Great Moments in Political Science: North Carolina Will Look at Sea Level, but Only 30 Years Out

May 17, 2014

Exquisitely timed for this week’s bad news about Antarctic melt.  When we last looked in on the North Carolina legislature, they were outlawing the study of sea level rise impacts on coastal real estate.

Now, a Solomonic compromise has been reached.

The State:

ATLANTIC BEACH — Hoping to avoid a repeat of the uproar sparked in 2010 when a state science panel warned of a possible 39-inch rise in sea level by the end of this century, the N.C. Coastal Resources Commission decreed Thursday that the next official forecast will look no farther than 30 years into the future.

“We could add credibility to the study if we limit the time frame we’re asking people to consider,” commission chairman Frank Gorham III said.

Many critics of the panel’s earlier forecast had attacked its premise that the recent slow rate of sea-level rise would begin a dramatic acceleration sometime later in this century. They ridiculed a “hockey stick” curve used to portray a rapid rise that would submerge much of the coast by 2100.

But there should be little disagreement next year, commissioners and scientists agreed Thursday, when the advisory panel of geologists and engineers issues a new forecast that is likely to show only a moderate increase for the next 30 years.

The commission will ask for a “rolling 30-year update” of the forecast every five years, Gorham said.

“If it turns out 10 years from now there is a hockey stick starting, we’re going to see that in five or 10 years,” Gorham said.

The science panel’s original report said the sea-level forecast for 2100 was uncertain, and it cited projections ranging from 15 inches to five feet. Asked to settle on one number, the panel concluded that the state should plan for a possible rise of 39 inches.

Developers and political leaders worried that the warning would chill the coastal economy. The state legislature in 2012 told the Coastal Resources Commission to develop a new forecast, and it ordered a moratorium on sea-level policy until 2016. The commission took up this assignment Thursday.

Commission member Bob Emory of New Bern agreed with Gorham that a 30-year focus will give the state a more solid base for making new regulations. But he argued that the scientists also should be allowed to consider a longer time horizon.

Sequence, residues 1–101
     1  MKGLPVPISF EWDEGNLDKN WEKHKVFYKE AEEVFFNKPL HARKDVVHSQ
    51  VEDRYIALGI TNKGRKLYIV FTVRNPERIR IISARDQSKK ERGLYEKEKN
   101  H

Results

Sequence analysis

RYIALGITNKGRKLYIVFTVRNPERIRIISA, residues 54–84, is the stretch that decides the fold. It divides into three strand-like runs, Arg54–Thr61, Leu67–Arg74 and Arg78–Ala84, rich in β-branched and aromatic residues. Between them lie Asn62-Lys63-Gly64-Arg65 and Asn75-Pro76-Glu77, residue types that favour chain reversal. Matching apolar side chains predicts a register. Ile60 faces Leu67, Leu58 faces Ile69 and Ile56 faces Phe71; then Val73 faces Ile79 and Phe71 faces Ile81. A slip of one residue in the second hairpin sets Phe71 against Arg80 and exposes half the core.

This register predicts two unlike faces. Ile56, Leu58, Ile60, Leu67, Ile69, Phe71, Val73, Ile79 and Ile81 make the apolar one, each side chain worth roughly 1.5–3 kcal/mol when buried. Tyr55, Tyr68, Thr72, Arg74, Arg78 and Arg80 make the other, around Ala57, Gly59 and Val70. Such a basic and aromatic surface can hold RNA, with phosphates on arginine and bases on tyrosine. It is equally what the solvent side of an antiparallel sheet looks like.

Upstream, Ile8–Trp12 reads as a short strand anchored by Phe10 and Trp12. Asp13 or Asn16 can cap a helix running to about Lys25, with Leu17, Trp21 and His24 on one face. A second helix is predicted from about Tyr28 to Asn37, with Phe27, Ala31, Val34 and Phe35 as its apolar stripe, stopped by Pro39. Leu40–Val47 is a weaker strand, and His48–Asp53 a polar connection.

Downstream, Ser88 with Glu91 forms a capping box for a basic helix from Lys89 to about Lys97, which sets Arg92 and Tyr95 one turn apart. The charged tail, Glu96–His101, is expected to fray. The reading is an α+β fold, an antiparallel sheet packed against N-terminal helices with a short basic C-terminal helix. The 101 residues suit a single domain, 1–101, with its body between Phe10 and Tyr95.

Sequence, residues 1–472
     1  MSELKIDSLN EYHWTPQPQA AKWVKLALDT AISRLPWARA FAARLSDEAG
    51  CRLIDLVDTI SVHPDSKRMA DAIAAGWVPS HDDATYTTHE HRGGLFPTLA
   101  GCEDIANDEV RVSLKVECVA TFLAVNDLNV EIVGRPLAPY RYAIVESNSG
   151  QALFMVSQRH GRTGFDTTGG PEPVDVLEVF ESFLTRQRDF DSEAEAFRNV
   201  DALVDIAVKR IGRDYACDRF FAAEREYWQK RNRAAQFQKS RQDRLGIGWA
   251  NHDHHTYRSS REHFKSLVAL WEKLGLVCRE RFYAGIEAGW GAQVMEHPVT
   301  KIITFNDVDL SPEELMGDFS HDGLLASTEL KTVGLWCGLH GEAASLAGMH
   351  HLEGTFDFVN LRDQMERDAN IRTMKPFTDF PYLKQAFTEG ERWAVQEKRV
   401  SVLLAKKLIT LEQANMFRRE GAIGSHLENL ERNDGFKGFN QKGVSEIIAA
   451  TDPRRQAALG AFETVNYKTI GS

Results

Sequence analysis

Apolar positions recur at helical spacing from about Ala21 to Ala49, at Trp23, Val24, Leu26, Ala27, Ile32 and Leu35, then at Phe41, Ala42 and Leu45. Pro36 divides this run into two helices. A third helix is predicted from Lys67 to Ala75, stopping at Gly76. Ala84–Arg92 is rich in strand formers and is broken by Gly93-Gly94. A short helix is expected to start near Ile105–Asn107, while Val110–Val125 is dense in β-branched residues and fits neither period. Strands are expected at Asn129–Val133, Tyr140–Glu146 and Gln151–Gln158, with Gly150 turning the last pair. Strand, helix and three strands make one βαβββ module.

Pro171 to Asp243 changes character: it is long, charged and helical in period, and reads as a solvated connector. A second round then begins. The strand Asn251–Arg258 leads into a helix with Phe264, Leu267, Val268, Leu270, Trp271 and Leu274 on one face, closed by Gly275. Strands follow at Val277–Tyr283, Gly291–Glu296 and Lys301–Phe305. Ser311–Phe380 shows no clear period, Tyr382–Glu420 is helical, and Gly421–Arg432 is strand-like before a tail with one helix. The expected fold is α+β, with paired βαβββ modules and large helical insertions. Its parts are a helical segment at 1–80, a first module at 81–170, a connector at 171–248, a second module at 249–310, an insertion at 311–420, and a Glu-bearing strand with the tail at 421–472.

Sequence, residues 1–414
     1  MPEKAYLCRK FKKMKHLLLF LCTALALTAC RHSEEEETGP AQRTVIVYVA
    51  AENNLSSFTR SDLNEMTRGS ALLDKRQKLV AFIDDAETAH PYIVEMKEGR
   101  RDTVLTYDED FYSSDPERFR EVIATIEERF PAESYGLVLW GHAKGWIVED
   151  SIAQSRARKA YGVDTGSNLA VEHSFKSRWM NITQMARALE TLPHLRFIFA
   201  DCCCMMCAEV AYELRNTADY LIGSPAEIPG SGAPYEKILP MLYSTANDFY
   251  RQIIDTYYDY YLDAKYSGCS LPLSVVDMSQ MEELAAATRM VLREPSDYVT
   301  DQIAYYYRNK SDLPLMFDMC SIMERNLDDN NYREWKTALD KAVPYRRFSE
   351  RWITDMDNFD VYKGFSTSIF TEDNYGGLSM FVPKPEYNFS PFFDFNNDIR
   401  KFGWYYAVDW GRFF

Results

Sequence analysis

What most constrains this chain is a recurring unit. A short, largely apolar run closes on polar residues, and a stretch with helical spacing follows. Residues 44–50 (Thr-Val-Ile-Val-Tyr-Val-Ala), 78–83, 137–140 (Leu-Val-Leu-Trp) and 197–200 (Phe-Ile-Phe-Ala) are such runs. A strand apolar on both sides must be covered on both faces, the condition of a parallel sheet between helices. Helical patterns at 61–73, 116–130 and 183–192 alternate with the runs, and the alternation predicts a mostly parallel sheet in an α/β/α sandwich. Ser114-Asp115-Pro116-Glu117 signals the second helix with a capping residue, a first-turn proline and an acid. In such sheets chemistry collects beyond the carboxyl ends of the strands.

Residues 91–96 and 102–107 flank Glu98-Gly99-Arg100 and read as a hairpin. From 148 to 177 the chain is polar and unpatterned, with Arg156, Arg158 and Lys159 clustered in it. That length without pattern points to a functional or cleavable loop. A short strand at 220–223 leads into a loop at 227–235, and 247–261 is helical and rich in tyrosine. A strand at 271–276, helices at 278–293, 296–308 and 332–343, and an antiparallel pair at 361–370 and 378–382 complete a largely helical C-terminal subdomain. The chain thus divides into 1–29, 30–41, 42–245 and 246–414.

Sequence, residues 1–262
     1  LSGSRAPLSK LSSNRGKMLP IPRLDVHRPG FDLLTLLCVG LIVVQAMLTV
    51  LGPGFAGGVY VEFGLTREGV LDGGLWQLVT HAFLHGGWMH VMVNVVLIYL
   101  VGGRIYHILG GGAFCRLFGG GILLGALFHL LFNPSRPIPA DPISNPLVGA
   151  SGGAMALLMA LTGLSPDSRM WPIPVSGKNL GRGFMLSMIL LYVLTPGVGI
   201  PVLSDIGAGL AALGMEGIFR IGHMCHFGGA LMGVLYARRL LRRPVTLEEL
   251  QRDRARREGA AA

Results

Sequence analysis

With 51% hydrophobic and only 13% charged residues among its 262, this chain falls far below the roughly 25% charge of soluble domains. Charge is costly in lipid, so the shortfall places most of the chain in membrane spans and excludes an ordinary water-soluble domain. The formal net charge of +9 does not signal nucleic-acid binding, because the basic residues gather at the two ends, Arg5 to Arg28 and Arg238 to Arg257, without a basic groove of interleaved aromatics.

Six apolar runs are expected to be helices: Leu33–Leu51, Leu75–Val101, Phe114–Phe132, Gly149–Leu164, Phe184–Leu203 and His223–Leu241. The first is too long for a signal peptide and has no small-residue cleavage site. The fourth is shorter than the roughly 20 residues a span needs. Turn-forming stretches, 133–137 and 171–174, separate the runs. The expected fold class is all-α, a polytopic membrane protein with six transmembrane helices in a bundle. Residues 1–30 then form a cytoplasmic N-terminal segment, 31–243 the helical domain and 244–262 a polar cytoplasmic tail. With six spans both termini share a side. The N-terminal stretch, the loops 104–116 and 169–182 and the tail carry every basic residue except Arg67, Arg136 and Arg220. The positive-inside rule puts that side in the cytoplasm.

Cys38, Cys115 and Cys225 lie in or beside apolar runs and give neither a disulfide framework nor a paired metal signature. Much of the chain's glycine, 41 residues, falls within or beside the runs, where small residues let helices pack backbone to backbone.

“I don’t see why we couldn’t do both,” Emory said. “We can make clear that, based on an 85- or 100-year forecast, we’re not calling for regulation. But we can provide it for the public as an informational and educational opportunity.”



6 Responses to “Great Moments in Political Science: North Carolina Will Look at Sea Level, but Only 30 Years Out”

  1. […] Exquisitely timed for this week's bad news about Antarctic melt. When we last looked in on the North Carolina legislature, they were outlawing the study of sea level rise impacts on coastal real e…  […]

  2. A classic case of the external costs of burning fossil fuels being borne by tax payers.

    But I guess that the majority of US citizens* would rather remain blissfully ignorant of the threat until it’s too late.

    * Only 40% of US citizens acknowledge we are the cause of climate change, which shows inredible ignorance.

  3. dumboldguy Says:

    Two of the best Crock video clips ever here. “This Is Not Happening” needs to be shown often on a double billing with “The Black Knight”—-both are relevant to the mindlessness of the NC legislators. The “Yes Virginia” clip is one of the best overview videos you have producedm, and should be trotted out frequently for reruns.

    In emulation of the “don’t worry, be happy” mindset of the NC folks, I think we should all adopt the “look no further than 30 years out” approach in our daily lives. For example, think how much more stress free driving would be if one looked no further than the rear bumper of the car in front of them rather than at the cars further down the road that may be getting involved in a massive pileup. And the “look in the rear view mirror for answers” approach is good too. After all, you’ve already traveled the road behind you and survived, so why not plan where you’re going based on where you’ve been?

    Yes, we can really see the mindlessness of the Dave Burtons and the greed of the NC-20 folks in play here.

  4. ubrew12 Says:

    Who will be fooled by this 30 year prediction limit? Young Homeowners
    Who will not be fooled? Property Insurers

    Way to support your citizens, NC

  5. Anybody that lives near a coast line and insists on looking “only 30 years out” probably deserves what they get. History supports this outcome. Non-adapatable animals were eliminated.

    We really don’t need any other evidence to identify our fate.

  6. […] 2014/05/17: PSinclair: Great Moments in Political Science: North Carolina Will Look at Sea Level, bu… […]

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